Thinking along the lines of “fewer clients, less money” got Jerry Maguire booted from Sports Management International, but I’ll dare to express one of The Things We Think And Do Not Say:
Spring Training shouldn’t have started so soon. Too many Spring Training baseball games in February are unnatural. Too many Spring Training baseball games in February are just wrong.
February is no longer day to day. It is outta here, like a lamb with a quad muscle that bears watching. The Mets have been playing baseball games that don’t count since Friday, February 23, preparation for their playing baseball games that will count on Thursday, March 29. The hubris of too-soonishness is splattered all over the calendar.
Oh, I’ll take it if they’re giving it to me. I’ll take it on March 29 as I’ve taken it since February 23, tuning in wherever the Mets have wandered as they’ve attempted to find themselves. SNY…Channel 11…WOR…the Braves radio feed, even. The Atlanta radio guys aren’t bad, although one sounds like a sober Jim Brockmire and both talk way too much about the Braves. I’m a Mets fan, and if it has something to do with Mets baseball, I’m digging in. Yet I know what I’ve been digging into is half-baked and consumed at one’s own risk, like some ill-advised chicken tenders I dug into at Shea one long-ago August night.
But at least it was in August. That’s one of the baseball months for real. February has its place. February prepares us for March. March prepares us for April through October, maybe November if we’ve been good. February is not traditionally part of the recommended yearly allowance of baseball games. Another example of the FDA falling down on the job.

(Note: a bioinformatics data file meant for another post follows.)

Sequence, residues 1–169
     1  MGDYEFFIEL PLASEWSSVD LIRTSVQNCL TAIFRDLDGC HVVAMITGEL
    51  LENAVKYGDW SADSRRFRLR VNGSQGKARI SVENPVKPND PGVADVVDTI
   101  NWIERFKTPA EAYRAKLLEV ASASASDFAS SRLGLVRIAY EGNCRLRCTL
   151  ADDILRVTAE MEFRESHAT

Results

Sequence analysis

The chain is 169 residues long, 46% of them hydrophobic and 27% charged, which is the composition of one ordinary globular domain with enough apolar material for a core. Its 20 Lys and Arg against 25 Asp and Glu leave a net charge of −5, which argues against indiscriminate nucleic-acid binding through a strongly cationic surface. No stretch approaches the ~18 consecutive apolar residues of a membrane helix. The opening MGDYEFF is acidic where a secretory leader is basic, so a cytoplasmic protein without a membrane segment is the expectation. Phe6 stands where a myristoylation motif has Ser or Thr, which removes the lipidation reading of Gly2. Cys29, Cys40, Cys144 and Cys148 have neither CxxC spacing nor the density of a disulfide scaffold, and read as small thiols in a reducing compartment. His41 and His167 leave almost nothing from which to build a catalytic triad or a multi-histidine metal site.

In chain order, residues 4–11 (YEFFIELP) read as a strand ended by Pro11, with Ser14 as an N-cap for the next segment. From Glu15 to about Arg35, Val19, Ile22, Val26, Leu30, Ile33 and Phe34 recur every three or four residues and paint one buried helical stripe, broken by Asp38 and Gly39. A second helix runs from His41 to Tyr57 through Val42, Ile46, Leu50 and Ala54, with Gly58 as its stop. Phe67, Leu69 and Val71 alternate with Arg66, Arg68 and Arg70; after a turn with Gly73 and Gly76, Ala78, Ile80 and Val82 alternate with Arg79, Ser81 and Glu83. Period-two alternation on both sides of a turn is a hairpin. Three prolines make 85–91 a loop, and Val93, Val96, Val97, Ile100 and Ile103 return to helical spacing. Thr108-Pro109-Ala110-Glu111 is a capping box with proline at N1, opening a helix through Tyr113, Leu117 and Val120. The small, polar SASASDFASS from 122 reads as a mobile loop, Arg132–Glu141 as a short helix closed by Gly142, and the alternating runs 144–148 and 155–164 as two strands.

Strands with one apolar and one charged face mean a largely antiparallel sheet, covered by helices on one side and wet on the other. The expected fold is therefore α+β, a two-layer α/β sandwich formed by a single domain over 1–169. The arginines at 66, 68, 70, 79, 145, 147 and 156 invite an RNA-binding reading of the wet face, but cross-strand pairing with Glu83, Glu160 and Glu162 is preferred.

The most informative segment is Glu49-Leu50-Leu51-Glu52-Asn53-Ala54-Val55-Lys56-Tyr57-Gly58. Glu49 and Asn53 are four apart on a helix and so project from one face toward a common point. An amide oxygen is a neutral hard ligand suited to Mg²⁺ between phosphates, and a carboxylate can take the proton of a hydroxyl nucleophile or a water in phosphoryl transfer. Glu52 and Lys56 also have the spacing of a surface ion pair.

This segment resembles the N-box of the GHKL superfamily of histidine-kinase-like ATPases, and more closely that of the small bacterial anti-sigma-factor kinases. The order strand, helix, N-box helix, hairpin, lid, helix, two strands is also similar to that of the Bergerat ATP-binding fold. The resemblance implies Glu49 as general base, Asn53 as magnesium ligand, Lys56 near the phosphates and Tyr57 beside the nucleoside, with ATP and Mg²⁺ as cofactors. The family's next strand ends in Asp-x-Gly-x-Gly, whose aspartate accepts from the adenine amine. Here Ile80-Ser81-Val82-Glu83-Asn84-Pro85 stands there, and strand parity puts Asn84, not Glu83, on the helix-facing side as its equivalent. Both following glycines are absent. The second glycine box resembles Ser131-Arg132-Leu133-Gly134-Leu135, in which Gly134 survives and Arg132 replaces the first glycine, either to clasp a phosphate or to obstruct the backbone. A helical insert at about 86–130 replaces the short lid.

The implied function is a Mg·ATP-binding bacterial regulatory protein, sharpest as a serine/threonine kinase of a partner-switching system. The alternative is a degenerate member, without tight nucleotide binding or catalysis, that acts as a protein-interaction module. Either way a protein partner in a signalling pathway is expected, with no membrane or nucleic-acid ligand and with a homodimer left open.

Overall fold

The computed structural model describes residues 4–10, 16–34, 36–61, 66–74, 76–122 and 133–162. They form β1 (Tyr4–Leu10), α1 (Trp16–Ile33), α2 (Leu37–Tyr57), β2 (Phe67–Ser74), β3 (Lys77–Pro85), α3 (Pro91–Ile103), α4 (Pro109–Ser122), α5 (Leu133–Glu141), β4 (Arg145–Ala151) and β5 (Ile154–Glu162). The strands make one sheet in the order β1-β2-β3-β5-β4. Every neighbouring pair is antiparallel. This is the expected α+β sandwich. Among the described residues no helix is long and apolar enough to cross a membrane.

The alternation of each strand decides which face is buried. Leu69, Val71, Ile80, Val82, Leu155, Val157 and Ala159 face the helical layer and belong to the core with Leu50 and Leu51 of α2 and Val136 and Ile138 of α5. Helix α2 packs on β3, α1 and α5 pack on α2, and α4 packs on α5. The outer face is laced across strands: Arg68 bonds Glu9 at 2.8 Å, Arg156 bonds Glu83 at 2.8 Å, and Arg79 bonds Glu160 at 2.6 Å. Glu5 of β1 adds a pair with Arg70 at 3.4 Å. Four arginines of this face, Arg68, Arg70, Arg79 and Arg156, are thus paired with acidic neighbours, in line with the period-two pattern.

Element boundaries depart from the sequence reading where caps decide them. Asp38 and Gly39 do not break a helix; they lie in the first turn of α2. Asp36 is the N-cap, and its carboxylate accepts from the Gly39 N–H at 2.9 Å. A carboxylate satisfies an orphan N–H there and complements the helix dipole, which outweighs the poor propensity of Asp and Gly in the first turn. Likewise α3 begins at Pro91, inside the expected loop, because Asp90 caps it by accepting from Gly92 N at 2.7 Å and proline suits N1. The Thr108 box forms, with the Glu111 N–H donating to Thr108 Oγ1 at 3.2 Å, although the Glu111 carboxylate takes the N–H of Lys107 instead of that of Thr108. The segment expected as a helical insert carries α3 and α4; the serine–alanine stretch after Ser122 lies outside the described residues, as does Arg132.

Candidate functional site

There was a February baseball game this week interrupted by an hour of rain and eventually given over to hours of No. 96es meandering through the motions, as if it was already March 10 or thereabouts, meaning our meaninglessness clocks are all off-kilter. Keith Hernandez was so antsy to leave, he was publicly swearing off cocktails. Gary Cohen had his bags packed for college basketball duty. Hardly anybody was in the stands. No manager or coach was making a personnel decision based on anything transpiring in their midst. They could have run instructional league footage and we wouldn’t have known the difference.
Running instructional league footage in December, on the other hand, is a capital programming idea.
I get the feeling the baseball gods are offended by our accelerated pace of play and, as punishment, have inflicted a slew of early injuries on one Met after another. An outbreak of everything wasn’t supposed to happen this year, what with all our new trainers and protocols and fresh supplies of gauze. Nothing serious. It never is in February. A shoulder here, a lower back there, pulls and pains from the tops of legs to the bottom of feet. And those are just the nicks the Mets have reported. Noah Syndergaard clearly had a shirtectomy. Steven Matz is afflicted by a lingering case of Setauket. Travis d’Arnaud and Kevin Plawecki have been diagnosed as ragingly adequate. Hansel Robles reportedly can still point skyward. The spirit of Ray Ramirez lingers in the St. Lucie atmosphere.
An optimist would say it was a good idea getting the Mets into baseball shape early because Mets baseball shape inevitably involves injuries. An optimist would discern recovery time has started ahead of schedule. An optimist would declare DeGrom, Cespedes, Bruce, Smith, Lagares, Swarzak and Tebow (sure, why not?) will all be fine sooner because they’re not so fine now. That, I’m optimistically telling myself, is the utility of baseball in February, though I won’t be telling it for too many more hours, because March is lion in wait.
And March, when spring traditionally becomes Spring, is the first month of the rest of our year.